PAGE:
The Spectator just published what must be one of the worst articles this year

Spectator logo and glasses on newspaper
Support us and go ad-free

The Sentinelese people inhabit one of the remote Andaman Islands in the Bay of Bengal, east of India. And although they are notoriously hostile to intruders, US Christian evangelist John Allen Chau recently decided to go to the island and “declare Jesus” to them. Chau entered the island with a Bible and some gifts on 17 November, and was killed shortly thereafter.

In response to the event, Spectator columnist Brendan O’Neill declared: “It is time we civilised the Sentinelese people”. But centuries of colonisation in the region – nay, worldwide – suggest that the Sentinelese people have good reason to fear intruders. This is especially true of people like O’Neill, who speak unironically of ‘civilising’ missions.

“Satan’s last stronghold”

“Lord”, wrote would-be missionary Chau in his diary, “is this island Satan’s last stronghold where none have heard or even had the chance to hear your name?”

The Sentinelese people are often described as one of the last uncontacted tribes. But this isn’t quite accurate. And like Chau, it seems O’Neill is unaware of prior attempts to ‘civilise’ them.

O’Neill wrote, for instance:

Our common humanity demands that we make contact with these peoples and patiently try to convince them to become civilised.

In the late 1800s, British naval officer Maurice Vidal Portman arrived on the island. He then “abducted an old couple and four children, and sailed off to Port Blair with them”. And he reportedly “betrayed a suspicious fascination with the bodies of the tribal islanders, and his notes… contain alarming sections, such as comparison of their penis lengths”.

Read on...

Support us and go ad-free

This thread looks at Portman’s legacy on the island in greater detail:

The Washington Post also described the islands’ various tribes as “unprepared for foreign diseases and vulnerable to the explorers who saw them as specimens of primeval man – subjects for zoological study, not human compassion”. As a whole, the Andaman Islanders have suffered greatly from foreign intrusion.

“Yes, civilise them”

According to O’Neill:

I think it is crueller to abandon the Sentinelese people to the fate written for them by the terrible quirks of geography and history than it is to try to contact and civilise them… Yes, civilise them.

This quote is astounding: the terrible quirks of history are found in exactly the type of ‘civilising’ intervention O’Neill proposes. The Sentinelese, moreover, have managed to survive for roughly 50,000 years despite such apparent “terrible quirks of geography”.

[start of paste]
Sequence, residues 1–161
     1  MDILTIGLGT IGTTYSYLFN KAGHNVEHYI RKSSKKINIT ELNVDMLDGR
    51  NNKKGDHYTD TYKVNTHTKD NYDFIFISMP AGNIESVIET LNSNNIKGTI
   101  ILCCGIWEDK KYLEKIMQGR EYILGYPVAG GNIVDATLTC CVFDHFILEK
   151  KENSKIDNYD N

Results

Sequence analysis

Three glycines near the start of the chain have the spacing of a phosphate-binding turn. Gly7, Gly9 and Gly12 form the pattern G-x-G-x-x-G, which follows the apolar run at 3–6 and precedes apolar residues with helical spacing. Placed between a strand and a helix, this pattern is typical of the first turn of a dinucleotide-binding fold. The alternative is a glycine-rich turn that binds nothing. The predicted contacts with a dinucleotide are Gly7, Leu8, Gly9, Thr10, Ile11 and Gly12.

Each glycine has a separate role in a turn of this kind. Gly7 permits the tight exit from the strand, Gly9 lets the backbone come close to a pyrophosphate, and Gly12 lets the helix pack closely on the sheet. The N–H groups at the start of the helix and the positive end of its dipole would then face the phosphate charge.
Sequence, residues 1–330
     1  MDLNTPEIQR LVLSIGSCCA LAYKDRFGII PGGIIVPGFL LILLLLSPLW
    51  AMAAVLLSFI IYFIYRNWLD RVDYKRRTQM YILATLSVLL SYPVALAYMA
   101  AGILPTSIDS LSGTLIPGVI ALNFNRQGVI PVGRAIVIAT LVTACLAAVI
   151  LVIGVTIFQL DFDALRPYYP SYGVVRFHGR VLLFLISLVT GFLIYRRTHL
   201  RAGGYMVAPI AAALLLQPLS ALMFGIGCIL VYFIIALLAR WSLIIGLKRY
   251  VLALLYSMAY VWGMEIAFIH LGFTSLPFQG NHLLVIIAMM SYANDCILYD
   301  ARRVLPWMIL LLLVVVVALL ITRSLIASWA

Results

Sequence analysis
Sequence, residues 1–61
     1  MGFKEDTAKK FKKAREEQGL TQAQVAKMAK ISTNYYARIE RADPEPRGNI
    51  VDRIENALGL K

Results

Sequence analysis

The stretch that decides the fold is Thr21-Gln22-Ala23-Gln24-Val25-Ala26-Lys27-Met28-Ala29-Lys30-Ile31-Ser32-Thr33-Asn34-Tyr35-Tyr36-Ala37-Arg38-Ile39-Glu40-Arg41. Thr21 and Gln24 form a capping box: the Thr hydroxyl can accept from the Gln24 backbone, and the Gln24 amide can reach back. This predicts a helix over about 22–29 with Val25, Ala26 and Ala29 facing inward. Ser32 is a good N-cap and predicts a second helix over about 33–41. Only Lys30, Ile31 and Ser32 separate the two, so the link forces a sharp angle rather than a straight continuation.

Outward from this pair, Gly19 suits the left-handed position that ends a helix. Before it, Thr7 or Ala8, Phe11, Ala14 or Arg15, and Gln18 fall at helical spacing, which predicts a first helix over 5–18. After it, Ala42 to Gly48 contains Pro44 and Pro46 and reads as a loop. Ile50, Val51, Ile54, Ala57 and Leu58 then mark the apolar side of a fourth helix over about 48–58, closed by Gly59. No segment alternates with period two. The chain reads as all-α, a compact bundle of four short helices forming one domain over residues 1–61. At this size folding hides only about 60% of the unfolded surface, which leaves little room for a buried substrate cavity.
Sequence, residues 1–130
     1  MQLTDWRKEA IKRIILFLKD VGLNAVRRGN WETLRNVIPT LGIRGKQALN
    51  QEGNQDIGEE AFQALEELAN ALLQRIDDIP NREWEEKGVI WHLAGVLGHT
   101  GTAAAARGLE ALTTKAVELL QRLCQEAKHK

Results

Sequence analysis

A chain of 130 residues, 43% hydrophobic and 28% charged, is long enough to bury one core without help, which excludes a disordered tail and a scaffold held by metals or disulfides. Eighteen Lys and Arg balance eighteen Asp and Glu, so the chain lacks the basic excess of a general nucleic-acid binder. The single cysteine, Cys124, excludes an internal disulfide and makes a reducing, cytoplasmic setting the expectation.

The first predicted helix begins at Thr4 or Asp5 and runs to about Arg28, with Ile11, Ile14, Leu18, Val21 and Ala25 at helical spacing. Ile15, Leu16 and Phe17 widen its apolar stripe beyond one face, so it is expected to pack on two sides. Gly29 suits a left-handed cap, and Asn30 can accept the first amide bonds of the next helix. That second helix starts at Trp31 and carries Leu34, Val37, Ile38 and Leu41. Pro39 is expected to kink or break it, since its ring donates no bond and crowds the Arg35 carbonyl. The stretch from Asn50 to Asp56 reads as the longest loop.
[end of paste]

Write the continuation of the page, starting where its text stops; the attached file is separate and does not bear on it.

Unsurprisingly, critics soon destroyed his article. History lecturer Charlotte Riley wrote:

PhD candidate Michael Docherty wrote:

And another Twitter user said:

Reflecting on the ‘civilised world’

The rhetoric of bringing “civilisation” to those living “brutish, backwards lives” (yes, these are real quotes from O’Neill’s article) reflects centuries of shameful discourse about the noble white man’s burden of civilising far-away regions.

It is instructive to note, meanwhile, that O’Neill’s comments came just as US border agents fired tear gas at refugee children. So as the Sentinelese people attacked someone representing a historical and actual threat at their border, US border forces attacked innocent children. Is this the type of civilised behaviour that O’Neill expects to bring to the Sentinelese people?

As many have since suggested, if O’Neill thinks the Sentinelese people should be ‘civilised’, perhaps he should go and do the civilising himself.

Featured image via pxhere

Support us and go ad-free

Get involved

  • Read more of The Canary‘s coverage of the rights of indigenous groups.

We know everyone is suffering under the Tories - but the Canary is a vital weapon in our fight back, and we need your support

The Canary Workers’ Co-op knows life is hard. The Tories are waging a class war against us we’re all having to fight. But like trade unions and community organising, truly independent working-class media is a vital weapon in our armoury.

The Canary doesn’t have the budget of the corporate media. In fact, our income is over 1,000 times less than the Guardian’s. What we do have is a radical agenda that disrupts power and amplifies marginalised communities. But we can only do this with our readers’ support.

So please, help us continue to spread messages of resistance and hope. Even the smallest donation would mean the world to us.

Support us